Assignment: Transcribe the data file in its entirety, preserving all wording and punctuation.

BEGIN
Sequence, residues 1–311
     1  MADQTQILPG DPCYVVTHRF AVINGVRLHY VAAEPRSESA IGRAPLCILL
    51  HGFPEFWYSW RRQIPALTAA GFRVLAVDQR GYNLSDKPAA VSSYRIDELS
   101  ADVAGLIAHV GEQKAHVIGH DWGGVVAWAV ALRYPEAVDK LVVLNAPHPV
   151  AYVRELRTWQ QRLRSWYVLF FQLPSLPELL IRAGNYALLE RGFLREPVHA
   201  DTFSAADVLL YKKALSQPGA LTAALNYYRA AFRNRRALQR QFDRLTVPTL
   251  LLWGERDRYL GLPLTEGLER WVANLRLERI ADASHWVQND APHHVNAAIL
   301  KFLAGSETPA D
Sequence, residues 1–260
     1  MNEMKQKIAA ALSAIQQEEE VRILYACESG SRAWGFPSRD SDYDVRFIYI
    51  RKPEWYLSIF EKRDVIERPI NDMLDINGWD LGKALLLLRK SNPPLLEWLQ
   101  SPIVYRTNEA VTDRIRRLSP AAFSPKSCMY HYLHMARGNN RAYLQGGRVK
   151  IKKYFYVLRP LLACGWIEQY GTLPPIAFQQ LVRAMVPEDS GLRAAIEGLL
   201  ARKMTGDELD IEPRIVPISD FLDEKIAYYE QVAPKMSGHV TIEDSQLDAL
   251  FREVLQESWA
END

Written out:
Sequence, residues 1–311
     1  MADQTQILPG DPCYVVTHRF AVINGVRLHY VAAEPRSESA IGRAPLCILL
    51  HGFPEFWYSW RRQIPALTAA GFRVLAVDQR GYNLSDKPAA VSSYRIDELS
   101  ADVAGLIAHV GEQKAHVIGH DWGGVVAWAV ALRYPEAVDK LVVLNAPHPV
   151  AYVRELRTWQ QRLRSWYVLF FQLPSLPELL IRAGNYALLE RGFLREPVHA
   201  DTFSAADVLL YKKALSQPGA LTAALNYYRA AFRNRRALQR QFDRLTVPTL
   251  LLWGERDRYL GLPLTEGLER WVANLRLERI ADASHWVQND APHHVNAAIL
   301  KFLAGSETPA D
Sequence, residues 1–260
     1  MNEMKQKIAA ALSAIQQEEE VRILYACESG SRAWGFPSRD SDYDVRFIYI
    51  RKPEWYLSIF EKRDVIERPI NDMLDINGWD LGKALLLLRK SNPPLLEWLQ
   101  SPIVYRTNEA VTDRIRRLSP AAFSPKSCMY HYLHMARGNN RAYLQGGRVK
   151  IKKYFYVLRP LLACGWIEQY GTLPPIAFQQ LVRAMVPEDS GLRAAIEGLL
   201  ARKMTGDELD IEPRIVPISD FLDEKIAYYE QVAPKMSGHV TIEDSQLDAL
   251  FREVLQESWA